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When something is in homeostasis, there is a balance. In nature, this might mean the appropriate amount of water to support plant growth without drowning or dehydrating the plant. The same principle works in our brains. When we find our centre, we can achieve homeostasis, or the balance between the brain and the body. Our emotions don’t drown us, but neither are we parched from the lack of them.
When we constantly focus on how upset or angry we are, others will pick up on it. People may become distracted and unable to work on their own tasks and obligations. The person venting is now losing out not only on their productivity but affecting the performance of others. As leaders, we know how detrimental this can be to the morale and atmosphere in an organisation.
It’s no surprise that stress can make this situation worse. When things are already not the best, stress can push us over the edge. Unstable people are more unstable when they are in high-stress situations. In these moments, all homeostasis is lost, and the brain is not functioning optimally.
It is probably not surprising that our modern technology can also add to this instability. We find that so many tasks are more manageable because of technology, but what price do we pay? Social media is often uplifting and joyful, but it is also a cesspit full of nightmare content. How can we possibly manage everything expected of us in our professional and personal lives and still maintain a social presence (digitally or physically) without being split into tiny pieces?
The easy answer to the previous question is the prefrontal cortex (PFC). This brain area is responsible for complex behaviours, such as reasoning, creativity, problem solving and comprehension. It is also part of the emotion network, allowing us to interact with the world in a calm, open-minded manner. When the prefrontal cortex functions properly, we can better achieve and maintain homeostasis.
In a new book called “Frontal Fatigue” by Dr Mark Rego, he explores many mental illnesses and how mental illnesses are becoming more common and more severe in our modern society. The Covid-19 epidemic has brought some of these issues into the spotlight, but it’s quite clear that we as a species are not addressing a significant problem--our declining collective mental health.
Research has shown that technology is related to the rise of mental illnesses. We have essentially created a new kind of stress because of technology, and unfortunately, the prefrontal cortex is straining to handle these new and pervasive demands. While the PFC is a miraculous thing, it simply doesn’t work well under stress, and any vulnerabilities to mental illness are exposed once the stress has taken over.
Our way of life requires us to be always on, always available, constantly checking our emails and messages and social media accounts. The PFC is not equipped to handle this load, and the effects are apparent. We face a public health crisis, but it seems like many people are too focused on their devices to notice.
Most people view our era as one of stress. In fact, ours is often called the age of anxiety.
Dr Mark Rego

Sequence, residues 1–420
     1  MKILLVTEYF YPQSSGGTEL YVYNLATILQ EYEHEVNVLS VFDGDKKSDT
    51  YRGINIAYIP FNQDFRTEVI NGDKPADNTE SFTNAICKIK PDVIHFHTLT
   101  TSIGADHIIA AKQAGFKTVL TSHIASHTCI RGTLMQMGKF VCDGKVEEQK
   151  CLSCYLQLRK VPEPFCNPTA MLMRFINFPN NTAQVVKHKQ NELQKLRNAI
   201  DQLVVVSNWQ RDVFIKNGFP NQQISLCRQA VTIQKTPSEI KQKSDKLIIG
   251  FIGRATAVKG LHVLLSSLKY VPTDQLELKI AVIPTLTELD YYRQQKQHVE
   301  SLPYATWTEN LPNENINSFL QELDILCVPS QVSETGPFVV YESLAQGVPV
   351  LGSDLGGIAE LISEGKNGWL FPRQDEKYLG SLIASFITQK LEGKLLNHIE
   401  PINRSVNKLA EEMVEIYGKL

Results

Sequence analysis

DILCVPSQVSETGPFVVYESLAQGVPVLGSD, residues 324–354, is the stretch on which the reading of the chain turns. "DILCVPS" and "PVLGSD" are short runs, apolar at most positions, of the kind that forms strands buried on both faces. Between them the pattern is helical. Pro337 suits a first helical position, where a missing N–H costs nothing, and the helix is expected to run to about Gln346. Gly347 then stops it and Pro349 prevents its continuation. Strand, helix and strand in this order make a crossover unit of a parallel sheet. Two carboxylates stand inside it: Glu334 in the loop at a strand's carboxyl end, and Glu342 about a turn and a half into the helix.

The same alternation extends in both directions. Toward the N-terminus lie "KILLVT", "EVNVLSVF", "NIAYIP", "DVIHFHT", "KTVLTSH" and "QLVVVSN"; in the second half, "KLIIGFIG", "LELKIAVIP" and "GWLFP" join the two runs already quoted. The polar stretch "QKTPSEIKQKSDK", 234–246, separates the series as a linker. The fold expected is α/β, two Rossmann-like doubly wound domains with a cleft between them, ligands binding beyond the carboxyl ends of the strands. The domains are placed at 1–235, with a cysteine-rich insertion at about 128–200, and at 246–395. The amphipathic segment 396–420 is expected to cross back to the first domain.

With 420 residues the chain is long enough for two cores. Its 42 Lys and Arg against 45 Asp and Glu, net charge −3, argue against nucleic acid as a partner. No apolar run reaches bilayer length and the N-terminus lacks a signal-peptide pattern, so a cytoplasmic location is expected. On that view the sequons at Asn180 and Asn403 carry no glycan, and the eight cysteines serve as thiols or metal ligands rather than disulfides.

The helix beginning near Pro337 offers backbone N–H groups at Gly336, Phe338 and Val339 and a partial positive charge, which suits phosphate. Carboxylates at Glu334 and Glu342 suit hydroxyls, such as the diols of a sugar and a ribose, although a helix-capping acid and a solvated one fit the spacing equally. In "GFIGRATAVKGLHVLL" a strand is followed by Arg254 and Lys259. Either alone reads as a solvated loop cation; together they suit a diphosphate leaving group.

So, is there no hope? It is definitely too late to roll back our use of technology. But, can we still learn to regulate our emotional self and find our centre? Fortunately, according to Dr Rego, there are things we can do to rest and reset our prefrontal cortex, which will allow us to become better leaders, partners, friends, and members of society.1
When: May 19 2022 7AM GMT+10
Hosted: Silvia Damiano, Founder, About my Brain Institute
Guest: Dr. Mark Rego, Psychiatrist & Author
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Our session will be streamed live on our YouTube Channel, LinkedIn & Facebook! This is an interactive session, feel free to connect with us and ask any questions!
This session will be presented in English. Captions with auto-translate to a language of your choice will be available in our YouTube Channel 72 hours after the event.
1. Rego MD. Frontal Fatigue: The Impact of Modern Life and Technology on Mental Illness. River Grove Books, 2021.
Founder & CEO
About my Brain Institute
Scientist, educator, author, speaker, coach, award-winning leadership specialist, filmmaker and creator of the i4 Neuroleader Model & Methodology.
Silvia's scientific background and curiosity about the human brain led her to a decade long journey of research into optimal brain functioning and the application of neuroscience in leadership and daily life. Her past and current roles have uniquely prepared her for the current undertaking, that of leadership activist & change agent.
Silvia Damiano founded The About my Brain Institute in 2009, with the purpose of democratising leadership & neuroscience. She has a passionately held belief, that leaders in our 21st century global economy and their organisations must radically change long-held ideas of what constitutes effective leadership
In her ground-breaking books ‘Leadership is Upside Down’, ‘Brain-Friendly Leadership’ and the 2018 documentary ‘Make Me A Leader’, Silvia provides both compelling evidence and explores the importance of leadership in our personal and professional lives and what it takes to develop the human behind the leader.
Silvia has worked in different countries, across many industries, helping teams and organisations improve business performance. Silvia’s clients have described her as a passionate, dynamic, a highly experienced speaker and master facilitator on the topics of Emotional Intelligence, Cultural Change, Neuroleadership & Engagement.
Silvia is passionate about leaving a legacy of well-rounded leaders who can act and decide in a way that better serves humanity. Her clients include Microsoft, Australian Stock Exchange, NSW Government, VISA, Fuji Xerox and Manpower amongst many other global companies.